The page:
President Joe Biden’s November infrastructure law, worth $1.2 trillion, expanded the requirements for federally funded projects to buy American-made goods. New rules by the Administration will now make it more difficult to obtain waivers from these cost-increasing requirements.
For decades, Buy America laws required that grantees receiving federal funds to build roads, bridges, and rail lines purchase domestically produced steel, iron, and manufactured goods—including rolling stock like buses and trains. Infrastructure Investment and Jobs Act, (IIJA), expanded these Buy America requirements to include copper wiring, plastics and polymers as well as lumber.
They can increase costs, and even render some projects unaffordable. When these requirements prove to be unworkable, or cause excessive costs, grantees can request waivers from Buy America laws.
However, on Monday the White House’s Office of Management and Budget issued guidance to limit the usage of waivers under the IIJA for Buy America.
Most often, those requests are granted or denied by funding agencies. This guidance was issued Monday in accordance with an earlier White House executive directive. It requires agencies to consult OMB’s Made in America Office whenever considering waivers for grants made using IIJA funds. This guidance also allows OMB’s Made in America Office to decide whether waivers will be approved.
These waivers are sent through OMB to restrict the amount and scope of waivers that can be granted. Monday’s guidance states that the consultation was held to determine if there are any ways to make the waiver more efficient in accordance with the law.
Federal contractors have reacted negatively to this requirement. They claim it will add bureaucratic hurdles to the finalization of infrastructure projects.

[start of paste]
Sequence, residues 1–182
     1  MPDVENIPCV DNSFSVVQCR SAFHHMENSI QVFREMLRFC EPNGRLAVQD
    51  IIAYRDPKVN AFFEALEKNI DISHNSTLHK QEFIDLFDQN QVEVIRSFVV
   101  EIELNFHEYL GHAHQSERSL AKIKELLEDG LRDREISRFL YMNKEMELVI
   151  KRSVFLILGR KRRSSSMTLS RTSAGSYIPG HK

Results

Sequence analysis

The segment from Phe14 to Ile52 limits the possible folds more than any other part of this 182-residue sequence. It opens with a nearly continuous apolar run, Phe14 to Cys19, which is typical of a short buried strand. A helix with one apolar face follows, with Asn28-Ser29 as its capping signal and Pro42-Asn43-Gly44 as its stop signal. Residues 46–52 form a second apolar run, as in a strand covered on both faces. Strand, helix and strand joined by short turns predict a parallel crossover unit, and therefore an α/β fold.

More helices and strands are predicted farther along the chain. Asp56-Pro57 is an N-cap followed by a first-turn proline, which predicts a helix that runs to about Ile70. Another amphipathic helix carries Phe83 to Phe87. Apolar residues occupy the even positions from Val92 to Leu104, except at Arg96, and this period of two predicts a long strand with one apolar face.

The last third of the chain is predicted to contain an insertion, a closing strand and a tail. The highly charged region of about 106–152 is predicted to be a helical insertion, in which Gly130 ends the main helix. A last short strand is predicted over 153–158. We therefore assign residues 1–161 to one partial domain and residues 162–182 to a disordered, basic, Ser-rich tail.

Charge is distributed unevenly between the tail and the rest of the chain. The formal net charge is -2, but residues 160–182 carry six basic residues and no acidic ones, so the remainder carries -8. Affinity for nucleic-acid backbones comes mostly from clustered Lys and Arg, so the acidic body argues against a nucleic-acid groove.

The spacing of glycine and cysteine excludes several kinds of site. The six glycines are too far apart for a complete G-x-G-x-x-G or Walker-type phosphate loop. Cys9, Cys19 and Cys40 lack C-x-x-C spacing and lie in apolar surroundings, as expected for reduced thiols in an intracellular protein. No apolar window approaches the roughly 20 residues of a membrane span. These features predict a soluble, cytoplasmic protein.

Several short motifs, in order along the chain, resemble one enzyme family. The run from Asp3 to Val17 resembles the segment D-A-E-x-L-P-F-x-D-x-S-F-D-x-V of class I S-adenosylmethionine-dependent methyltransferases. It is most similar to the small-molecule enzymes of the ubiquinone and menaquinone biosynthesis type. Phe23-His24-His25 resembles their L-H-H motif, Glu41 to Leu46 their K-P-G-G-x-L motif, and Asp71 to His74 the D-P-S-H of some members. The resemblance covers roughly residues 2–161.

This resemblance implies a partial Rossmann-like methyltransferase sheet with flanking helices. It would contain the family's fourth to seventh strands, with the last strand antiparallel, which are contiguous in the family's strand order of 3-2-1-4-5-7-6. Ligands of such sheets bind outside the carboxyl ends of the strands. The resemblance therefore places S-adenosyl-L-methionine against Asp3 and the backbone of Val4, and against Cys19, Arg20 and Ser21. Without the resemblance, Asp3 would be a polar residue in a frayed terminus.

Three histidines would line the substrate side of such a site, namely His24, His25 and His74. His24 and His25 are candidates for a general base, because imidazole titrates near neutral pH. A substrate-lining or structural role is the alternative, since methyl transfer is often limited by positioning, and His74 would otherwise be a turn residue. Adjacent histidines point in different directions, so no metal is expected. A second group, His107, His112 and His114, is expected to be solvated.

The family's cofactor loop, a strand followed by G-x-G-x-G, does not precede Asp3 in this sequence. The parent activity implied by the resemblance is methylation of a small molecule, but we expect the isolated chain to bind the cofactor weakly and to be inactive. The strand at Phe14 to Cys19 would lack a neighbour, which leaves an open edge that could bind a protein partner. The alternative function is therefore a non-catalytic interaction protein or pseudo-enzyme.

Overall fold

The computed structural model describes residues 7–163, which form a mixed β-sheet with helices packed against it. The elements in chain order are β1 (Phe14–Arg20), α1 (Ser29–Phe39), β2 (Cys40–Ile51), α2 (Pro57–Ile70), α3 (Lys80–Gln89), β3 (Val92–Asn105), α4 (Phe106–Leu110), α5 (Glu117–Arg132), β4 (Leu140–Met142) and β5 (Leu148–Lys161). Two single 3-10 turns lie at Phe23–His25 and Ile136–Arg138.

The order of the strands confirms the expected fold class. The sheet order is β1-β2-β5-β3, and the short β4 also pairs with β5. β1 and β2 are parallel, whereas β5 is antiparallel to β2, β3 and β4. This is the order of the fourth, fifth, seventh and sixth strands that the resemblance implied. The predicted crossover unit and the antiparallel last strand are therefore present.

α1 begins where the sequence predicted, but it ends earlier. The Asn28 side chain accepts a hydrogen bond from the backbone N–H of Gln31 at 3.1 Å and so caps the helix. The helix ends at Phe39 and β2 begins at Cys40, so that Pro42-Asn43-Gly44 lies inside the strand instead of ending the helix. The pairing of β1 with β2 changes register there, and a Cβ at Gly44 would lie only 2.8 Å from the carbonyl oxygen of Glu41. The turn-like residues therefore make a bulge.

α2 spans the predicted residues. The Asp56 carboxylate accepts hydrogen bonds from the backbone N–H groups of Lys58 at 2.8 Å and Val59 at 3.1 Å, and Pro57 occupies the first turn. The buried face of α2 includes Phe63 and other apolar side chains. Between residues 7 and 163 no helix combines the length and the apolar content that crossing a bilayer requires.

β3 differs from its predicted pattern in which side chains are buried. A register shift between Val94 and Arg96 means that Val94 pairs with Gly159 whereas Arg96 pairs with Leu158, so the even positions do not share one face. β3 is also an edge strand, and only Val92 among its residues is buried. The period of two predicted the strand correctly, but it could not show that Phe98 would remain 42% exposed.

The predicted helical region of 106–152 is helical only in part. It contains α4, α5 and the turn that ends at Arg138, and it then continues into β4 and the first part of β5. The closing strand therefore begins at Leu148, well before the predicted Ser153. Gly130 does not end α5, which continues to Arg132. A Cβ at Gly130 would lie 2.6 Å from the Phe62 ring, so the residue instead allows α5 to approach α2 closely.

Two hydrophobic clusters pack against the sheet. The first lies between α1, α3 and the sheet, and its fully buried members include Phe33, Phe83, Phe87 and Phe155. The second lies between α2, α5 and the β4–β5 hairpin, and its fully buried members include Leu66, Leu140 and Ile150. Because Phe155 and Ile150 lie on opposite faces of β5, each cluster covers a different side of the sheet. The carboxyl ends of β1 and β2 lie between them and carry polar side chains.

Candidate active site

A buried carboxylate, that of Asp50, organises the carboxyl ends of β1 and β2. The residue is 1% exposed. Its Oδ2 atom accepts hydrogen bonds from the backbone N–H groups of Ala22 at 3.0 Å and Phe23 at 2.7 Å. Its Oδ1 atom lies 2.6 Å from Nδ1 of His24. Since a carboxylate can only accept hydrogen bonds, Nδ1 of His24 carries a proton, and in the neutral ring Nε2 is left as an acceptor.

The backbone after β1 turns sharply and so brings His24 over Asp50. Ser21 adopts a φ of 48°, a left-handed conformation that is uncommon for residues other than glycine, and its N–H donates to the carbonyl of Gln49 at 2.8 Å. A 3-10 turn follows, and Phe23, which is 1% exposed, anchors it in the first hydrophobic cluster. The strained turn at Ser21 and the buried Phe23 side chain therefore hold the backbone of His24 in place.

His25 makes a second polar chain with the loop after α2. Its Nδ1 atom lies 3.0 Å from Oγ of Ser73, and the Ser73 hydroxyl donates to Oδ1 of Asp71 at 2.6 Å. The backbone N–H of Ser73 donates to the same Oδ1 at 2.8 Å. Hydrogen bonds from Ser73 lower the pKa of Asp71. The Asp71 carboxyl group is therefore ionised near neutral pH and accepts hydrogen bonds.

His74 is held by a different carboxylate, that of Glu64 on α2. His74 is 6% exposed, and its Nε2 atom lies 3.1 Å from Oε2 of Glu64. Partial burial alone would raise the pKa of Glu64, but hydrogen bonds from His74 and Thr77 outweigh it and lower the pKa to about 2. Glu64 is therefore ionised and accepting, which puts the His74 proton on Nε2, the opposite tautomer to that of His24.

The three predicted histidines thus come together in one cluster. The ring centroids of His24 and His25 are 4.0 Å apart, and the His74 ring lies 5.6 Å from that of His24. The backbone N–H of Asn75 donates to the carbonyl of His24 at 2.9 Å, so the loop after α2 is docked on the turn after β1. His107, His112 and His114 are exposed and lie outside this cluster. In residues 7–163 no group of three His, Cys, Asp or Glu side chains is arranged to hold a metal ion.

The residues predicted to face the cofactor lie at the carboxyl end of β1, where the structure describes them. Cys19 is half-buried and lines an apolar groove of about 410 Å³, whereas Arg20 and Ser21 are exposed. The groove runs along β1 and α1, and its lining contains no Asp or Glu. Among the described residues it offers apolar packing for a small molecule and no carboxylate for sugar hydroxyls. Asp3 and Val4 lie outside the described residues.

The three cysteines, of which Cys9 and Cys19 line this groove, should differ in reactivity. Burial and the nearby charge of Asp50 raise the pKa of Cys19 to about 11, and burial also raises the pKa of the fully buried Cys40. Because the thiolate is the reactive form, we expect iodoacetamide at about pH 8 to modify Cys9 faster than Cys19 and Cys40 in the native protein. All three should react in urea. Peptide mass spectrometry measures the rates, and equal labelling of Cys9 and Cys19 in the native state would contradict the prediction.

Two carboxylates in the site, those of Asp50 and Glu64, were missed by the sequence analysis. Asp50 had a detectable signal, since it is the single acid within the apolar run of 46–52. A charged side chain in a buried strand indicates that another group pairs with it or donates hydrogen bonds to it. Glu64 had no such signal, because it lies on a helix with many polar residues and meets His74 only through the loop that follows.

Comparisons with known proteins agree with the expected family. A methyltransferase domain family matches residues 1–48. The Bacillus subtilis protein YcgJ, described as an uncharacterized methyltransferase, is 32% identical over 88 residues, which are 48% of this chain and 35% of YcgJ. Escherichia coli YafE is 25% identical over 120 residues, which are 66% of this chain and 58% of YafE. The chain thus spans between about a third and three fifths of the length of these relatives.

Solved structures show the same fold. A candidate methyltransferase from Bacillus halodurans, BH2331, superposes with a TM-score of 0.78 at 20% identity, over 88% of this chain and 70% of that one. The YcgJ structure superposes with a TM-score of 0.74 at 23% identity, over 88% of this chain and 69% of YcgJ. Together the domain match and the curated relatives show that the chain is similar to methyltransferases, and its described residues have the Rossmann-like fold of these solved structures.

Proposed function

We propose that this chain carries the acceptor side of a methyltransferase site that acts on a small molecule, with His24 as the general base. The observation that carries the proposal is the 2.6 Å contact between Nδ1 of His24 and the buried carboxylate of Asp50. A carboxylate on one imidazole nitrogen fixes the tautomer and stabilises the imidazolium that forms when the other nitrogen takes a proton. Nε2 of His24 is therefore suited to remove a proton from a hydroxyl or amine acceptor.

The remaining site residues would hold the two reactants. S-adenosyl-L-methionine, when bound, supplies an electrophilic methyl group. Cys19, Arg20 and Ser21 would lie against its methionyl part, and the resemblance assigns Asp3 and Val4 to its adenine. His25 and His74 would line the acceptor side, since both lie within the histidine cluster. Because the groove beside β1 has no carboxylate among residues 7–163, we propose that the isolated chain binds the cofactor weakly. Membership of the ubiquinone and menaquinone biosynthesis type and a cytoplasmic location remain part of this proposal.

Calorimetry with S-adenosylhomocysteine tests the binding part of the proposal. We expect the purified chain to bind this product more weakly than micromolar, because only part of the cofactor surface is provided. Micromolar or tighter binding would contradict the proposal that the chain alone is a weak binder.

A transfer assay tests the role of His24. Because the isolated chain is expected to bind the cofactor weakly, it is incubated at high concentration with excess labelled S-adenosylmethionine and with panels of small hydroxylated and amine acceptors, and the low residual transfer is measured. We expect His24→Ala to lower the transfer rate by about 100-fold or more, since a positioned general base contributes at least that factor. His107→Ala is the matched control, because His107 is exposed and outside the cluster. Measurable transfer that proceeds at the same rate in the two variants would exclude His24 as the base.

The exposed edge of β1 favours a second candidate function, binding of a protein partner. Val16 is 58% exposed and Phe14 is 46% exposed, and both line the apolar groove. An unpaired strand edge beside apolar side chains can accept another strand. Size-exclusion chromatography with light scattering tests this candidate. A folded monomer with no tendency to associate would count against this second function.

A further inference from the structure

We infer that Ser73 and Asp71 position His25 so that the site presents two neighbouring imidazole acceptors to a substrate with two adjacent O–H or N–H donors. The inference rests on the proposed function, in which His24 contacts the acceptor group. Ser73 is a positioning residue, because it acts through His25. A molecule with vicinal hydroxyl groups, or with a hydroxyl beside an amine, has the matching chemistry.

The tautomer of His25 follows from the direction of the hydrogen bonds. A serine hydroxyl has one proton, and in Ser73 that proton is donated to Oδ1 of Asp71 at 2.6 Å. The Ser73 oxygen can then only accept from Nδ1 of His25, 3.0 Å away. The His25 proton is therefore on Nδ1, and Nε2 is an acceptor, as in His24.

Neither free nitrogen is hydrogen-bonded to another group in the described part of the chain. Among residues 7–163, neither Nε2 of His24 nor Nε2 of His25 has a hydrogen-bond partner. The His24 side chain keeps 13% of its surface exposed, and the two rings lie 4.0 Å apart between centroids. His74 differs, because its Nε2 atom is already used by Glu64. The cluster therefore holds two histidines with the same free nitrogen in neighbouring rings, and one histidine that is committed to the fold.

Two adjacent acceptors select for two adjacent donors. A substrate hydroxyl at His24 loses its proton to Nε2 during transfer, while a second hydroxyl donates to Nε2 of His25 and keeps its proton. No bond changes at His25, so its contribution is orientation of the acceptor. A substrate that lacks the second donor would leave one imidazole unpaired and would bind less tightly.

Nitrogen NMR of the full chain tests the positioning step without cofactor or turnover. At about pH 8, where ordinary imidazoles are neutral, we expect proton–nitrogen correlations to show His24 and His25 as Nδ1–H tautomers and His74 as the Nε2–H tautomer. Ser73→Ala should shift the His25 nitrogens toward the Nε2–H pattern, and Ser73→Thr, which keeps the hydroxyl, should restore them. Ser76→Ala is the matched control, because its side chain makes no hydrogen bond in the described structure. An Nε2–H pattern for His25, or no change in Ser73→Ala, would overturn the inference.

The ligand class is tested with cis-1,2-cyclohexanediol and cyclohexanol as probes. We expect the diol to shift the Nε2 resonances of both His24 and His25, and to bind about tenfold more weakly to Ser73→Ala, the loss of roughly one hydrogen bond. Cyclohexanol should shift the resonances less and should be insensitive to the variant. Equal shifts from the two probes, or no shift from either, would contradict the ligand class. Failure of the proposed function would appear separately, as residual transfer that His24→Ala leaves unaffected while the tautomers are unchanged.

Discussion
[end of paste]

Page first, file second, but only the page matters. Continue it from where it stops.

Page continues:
Stephen Sandherr CEO of the Associated General Contractors of America said yesterday that this is similar to asking the U.S. Department of Education for permission slips to be missed by every child. “Firms won’t have to spend as much time waiting on federal officials to make a decision about whether or not a project meets the latest level of red tape placed by the Administration.”
Sandherr says that such requirements are especially inappropriate in a period when material costs continue to rise.
Back in December, a Congressional Research Service (CRS) report flagged the expansion of Buy America provisions in IIJA as potentially at odds with other provisions of the law that make new funding available to jurisdictions like counties and municipal bus services. CRS reported that smaller agencies and locales might not have the necessary staff or experience to follow complicated Buy America laws. This group will have the hardest time navigating an easier waiver application process.
Biden’s policy of infrastructure makes it harder for people to get waivers from Buy America provisions. While the president is keen to invest in “historical” infrastructure projects, he also believes strongly in regulations to ensure that such investments are as low-cost as possible.
In the example of public transportation, the IIJA raises spending by about $50 billion for five years. That’s an approximate 80 percent increase. Alon Levy, transit cost researcher in the United States, said that some agencies spend up to 70 percent more on rail cars than their European counterparts. According to Levy, the technology of domestically produced cars that they end up using is inferior. Levy says that allowing transit agencies to purchase modular goods from Europe would benefit them almost as much, removing Buy America restrictions for new railroad cars.
You could also make the same argument about the IIJA’s higher spending on road, bridges and other infrastructure, whose costs and delivery time are increased by Buy America.
The Biden administration instead decided to make less money for its buck. This week, the Biden administration doubled down on this approach with its new guidance.